Diabetes increases the risk of periodontal diseases and because the way in which diabetic complications develop is a similar pathological process to periodontitis, it is not surprising that there may be a close relationship between the two diseases. It has even been reported that treatment of periodontitis may improve diabetic control (Grossi et al., 1997). Wound healing is adversely affected by diabetes, especially if poorly controlled, and this can make treatment of diabetic patients more difficult.
Other systemic conditions
Hormonal changes can affect the response of the gingival tissues to plaque and to therapy. Puberty, pregnancy, and the menopause are all known to cause changes in gingival response. The increase in the severity of gingivitis during pregnancy has been attributed to the increased circulating levels of progesterone causing increased permeability of gingival vessels and a consequent increase in bleeding and swelling.
An enlargement of a gingival papilla, known as a pregnancy epulis, is frequently seen during pregnancy. These lesions can be up to 2 cm in diameter; removal is best deferred until after parturition if possible although they can be quite large and troublesome. Thorough plaque control is essential and the lesions tend to resolve spontaneously at the end of the pregnancy.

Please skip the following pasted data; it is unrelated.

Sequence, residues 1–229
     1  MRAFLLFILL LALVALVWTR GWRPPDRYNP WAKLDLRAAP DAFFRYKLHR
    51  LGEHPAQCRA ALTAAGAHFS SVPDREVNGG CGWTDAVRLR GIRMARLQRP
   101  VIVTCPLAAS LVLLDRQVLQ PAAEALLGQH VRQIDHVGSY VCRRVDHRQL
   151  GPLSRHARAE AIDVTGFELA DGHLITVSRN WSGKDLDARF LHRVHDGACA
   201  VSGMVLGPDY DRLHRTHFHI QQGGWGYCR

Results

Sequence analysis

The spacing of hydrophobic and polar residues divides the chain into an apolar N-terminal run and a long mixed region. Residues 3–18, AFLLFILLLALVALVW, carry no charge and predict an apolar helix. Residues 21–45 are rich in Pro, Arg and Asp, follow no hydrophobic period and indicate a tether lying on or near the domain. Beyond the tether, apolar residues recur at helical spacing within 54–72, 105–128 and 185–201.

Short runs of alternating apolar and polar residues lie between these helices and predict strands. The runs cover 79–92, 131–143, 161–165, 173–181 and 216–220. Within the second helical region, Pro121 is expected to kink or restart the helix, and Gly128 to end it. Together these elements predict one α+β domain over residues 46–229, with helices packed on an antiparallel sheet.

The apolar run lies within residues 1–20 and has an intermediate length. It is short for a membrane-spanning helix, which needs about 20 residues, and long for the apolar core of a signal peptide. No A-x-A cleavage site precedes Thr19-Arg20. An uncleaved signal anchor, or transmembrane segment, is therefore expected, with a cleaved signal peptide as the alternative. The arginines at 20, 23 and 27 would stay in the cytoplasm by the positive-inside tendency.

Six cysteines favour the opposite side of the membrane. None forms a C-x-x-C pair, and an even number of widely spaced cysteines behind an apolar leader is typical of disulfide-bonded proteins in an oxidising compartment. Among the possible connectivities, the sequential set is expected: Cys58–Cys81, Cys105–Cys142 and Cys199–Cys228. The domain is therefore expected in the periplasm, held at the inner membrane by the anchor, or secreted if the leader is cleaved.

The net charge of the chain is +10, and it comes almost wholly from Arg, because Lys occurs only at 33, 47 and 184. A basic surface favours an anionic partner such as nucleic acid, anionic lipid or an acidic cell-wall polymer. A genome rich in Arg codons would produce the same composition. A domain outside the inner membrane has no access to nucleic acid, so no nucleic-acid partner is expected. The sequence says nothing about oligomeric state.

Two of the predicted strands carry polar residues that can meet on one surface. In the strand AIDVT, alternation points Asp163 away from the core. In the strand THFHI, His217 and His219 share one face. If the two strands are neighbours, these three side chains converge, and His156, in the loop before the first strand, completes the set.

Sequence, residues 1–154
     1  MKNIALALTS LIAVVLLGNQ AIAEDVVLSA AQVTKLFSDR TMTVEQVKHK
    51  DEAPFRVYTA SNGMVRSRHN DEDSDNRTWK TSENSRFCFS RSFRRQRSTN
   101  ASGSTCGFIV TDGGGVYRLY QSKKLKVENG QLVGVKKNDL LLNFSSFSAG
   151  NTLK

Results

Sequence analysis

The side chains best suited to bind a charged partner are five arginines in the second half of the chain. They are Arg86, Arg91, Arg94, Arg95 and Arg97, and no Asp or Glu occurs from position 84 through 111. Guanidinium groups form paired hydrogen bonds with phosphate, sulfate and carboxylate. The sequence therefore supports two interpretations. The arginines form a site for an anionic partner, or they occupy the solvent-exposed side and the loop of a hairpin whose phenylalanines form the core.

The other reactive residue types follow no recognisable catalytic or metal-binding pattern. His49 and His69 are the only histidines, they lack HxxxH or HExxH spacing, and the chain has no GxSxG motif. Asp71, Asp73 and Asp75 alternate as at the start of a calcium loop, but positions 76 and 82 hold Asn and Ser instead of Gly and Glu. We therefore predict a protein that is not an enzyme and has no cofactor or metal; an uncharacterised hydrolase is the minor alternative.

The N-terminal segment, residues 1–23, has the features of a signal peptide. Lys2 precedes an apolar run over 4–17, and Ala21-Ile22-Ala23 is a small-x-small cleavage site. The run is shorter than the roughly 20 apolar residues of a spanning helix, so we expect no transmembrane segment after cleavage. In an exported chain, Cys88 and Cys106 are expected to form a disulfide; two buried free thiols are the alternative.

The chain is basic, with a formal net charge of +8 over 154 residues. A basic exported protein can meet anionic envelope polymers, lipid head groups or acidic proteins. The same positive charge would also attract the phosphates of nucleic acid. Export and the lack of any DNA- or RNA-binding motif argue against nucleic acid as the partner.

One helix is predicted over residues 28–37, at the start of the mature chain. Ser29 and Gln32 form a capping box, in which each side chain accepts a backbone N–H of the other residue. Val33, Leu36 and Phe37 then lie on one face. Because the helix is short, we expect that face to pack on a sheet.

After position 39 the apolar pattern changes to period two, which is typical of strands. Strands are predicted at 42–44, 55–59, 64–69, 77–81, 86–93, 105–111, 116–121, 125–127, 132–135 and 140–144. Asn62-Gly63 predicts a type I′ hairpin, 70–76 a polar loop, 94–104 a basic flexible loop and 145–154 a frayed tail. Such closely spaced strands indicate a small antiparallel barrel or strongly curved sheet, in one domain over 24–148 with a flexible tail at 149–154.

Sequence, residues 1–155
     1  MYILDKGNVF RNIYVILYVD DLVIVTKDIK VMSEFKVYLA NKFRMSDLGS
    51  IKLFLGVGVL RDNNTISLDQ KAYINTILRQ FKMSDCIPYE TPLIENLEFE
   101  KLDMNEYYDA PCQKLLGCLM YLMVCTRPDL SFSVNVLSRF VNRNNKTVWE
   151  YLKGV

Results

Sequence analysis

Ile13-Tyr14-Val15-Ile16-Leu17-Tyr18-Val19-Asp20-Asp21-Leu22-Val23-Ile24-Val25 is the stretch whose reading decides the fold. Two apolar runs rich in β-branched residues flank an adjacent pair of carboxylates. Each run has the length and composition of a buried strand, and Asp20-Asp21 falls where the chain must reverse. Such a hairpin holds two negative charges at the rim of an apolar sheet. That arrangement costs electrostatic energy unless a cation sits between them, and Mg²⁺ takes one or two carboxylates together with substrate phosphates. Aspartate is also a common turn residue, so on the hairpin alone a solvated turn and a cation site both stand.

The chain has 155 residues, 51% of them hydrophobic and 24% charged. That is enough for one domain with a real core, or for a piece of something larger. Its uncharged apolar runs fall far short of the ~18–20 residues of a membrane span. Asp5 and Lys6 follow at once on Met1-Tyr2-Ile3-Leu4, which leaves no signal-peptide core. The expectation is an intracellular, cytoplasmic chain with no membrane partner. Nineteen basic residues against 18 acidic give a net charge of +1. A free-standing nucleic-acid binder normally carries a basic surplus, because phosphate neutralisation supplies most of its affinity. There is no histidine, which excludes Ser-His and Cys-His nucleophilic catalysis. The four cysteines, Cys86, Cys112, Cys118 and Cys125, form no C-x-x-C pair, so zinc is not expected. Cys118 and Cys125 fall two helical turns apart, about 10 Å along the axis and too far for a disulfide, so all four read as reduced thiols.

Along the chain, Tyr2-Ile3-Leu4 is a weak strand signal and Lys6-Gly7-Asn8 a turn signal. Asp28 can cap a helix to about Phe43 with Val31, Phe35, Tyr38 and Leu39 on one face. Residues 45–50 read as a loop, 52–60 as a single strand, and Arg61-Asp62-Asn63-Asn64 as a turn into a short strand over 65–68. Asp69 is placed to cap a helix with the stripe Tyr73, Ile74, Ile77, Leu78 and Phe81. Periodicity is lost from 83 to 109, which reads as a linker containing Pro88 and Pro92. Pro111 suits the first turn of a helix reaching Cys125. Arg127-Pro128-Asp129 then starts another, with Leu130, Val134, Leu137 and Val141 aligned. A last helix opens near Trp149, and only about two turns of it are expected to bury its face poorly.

Leukaemias, resulting in altered leukocyte function, are likely to increase the incidence of periodontal disease.
Older patients are more likely to have periodontitis than younger patients due to many years of exposure to plaque and to the various risk factors known to be associated with periodontitis.
Many clinicians believe that stress is a factor modifying the host response to plaque. The evidence is inconclusive, but it has been suggested that stress can have a direct effect on immune responses to plaque. Equally, stress may exert an influence by way of behavioural change, reducing the thoroughness and therefore the effectiveness of oral hygiene.
Periodontal diseases and general health